Know the signs of a tornado: Weather forecasting
science is not perfect and some tornadoes do occur
without a tornado warning. There is no substitute
for staying alert to the sky.
Besides an obviously visible tornado, here are some things to look and listen for:
- Strong, persistent rotation in the cloud base.
- Whirling dust or debris on the ground under a cloud base -- tornadoes sometimes have no funnel!
- Hail or heavy rain followed by either dead calm or a fast, intense wind shift. Many tornadoes are wrapped in heavy precipitation and can't be seen.
- Day or night - Loud, continuous roar or rumble, which doesn't fade in a few seconds like thunder.
- Night - Small, bright, blue-green to white flashes at ground level near a thunderstorm (as opposed to silvery lightning up in the clouds). These mean power lines are being snapped by very strong wind, maybe a tornado.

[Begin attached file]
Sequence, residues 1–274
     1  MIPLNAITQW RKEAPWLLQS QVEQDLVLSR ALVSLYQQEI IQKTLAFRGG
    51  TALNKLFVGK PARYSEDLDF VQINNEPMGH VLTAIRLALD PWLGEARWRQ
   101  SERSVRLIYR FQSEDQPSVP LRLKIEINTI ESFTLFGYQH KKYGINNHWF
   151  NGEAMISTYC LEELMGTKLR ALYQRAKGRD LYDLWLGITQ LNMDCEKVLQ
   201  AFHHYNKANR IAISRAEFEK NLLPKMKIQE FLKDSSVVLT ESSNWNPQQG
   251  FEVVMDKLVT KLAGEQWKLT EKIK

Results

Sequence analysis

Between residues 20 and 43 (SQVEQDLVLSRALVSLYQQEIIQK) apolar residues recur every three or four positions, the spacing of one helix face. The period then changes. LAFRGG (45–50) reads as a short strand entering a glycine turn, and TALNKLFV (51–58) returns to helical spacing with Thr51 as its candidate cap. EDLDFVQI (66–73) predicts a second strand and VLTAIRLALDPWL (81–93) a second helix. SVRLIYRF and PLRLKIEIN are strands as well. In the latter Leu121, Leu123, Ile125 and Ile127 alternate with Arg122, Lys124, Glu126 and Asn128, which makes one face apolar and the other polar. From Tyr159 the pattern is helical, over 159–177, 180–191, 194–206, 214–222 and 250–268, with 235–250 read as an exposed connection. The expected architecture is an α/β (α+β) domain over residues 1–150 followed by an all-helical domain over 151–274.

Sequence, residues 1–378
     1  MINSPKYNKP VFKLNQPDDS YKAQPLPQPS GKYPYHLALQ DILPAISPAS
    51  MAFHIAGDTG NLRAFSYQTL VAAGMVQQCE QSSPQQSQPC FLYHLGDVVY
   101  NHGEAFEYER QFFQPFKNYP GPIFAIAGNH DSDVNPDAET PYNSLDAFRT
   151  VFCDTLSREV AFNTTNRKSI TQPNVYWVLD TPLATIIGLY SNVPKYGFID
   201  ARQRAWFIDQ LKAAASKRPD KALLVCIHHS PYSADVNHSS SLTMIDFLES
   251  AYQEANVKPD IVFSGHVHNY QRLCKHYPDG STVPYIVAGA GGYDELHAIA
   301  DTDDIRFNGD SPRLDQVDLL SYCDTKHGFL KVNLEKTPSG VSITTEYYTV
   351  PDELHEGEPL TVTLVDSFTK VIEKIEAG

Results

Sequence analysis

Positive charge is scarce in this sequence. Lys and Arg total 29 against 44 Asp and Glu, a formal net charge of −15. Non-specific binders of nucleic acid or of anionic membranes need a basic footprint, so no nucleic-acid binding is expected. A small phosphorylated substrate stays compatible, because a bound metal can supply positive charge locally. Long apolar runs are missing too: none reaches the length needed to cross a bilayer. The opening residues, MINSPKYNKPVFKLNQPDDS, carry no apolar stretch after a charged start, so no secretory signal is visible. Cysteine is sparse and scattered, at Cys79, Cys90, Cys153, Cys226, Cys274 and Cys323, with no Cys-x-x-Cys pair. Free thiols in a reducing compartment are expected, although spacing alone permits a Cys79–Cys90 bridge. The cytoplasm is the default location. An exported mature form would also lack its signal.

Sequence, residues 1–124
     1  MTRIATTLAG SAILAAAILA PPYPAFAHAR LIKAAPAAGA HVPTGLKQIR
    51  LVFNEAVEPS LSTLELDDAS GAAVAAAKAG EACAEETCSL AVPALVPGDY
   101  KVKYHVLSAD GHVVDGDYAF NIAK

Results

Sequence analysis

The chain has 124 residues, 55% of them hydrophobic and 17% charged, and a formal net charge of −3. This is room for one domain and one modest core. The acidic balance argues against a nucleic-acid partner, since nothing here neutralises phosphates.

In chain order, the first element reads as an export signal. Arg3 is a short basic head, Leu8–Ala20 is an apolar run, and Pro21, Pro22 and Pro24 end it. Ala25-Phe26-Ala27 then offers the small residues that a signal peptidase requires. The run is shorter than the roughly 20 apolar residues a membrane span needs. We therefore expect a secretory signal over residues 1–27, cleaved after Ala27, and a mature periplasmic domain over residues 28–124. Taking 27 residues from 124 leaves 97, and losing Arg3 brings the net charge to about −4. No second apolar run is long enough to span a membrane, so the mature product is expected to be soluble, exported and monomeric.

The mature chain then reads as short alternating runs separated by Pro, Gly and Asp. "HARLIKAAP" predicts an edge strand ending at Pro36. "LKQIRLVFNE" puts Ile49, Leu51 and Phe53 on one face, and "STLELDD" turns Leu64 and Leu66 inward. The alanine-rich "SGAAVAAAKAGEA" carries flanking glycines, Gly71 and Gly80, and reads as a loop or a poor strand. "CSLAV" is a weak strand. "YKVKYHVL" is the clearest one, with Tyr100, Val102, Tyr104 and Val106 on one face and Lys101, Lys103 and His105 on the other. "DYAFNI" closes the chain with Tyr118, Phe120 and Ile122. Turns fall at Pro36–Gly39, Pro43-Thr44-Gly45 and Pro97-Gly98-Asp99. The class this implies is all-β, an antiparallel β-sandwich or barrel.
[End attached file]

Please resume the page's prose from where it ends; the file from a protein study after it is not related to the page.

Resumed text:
- Night - Persistent lowering from the cloud base, illuminated or silhouetted by lightning -- especially if it is on the ground or there is a blue-green-white power flash underneath.
The biggest danger you'll face if a tornado strikes while you're in the forest is falling trees and tree limbs.
- If possible, get inside a building. If you're at a developed campground, the restroom may be the closest option.
- Rockshelters (areas under the cliffline) may offer partial protection from falling tree limbs.
- If shelter is not available or there is no time to get indoors, lie in a ditch or low-lying area or crouch near a strong building. Be aware of the potential for flooding.
- Use arms to protect head and neck.
If in a car:
- Never try to outdrive a tornado in a car or truck. Tornadoes can change direction quickly and can lift up a car or truck and toss it through the air.
- Get out of the car immediately and take shelter in a nearby building.
- If there is no time to get indoors, get out of the car and lie in a ditch or low-lying area away from the vehicle. Be aware of the potential for flooding.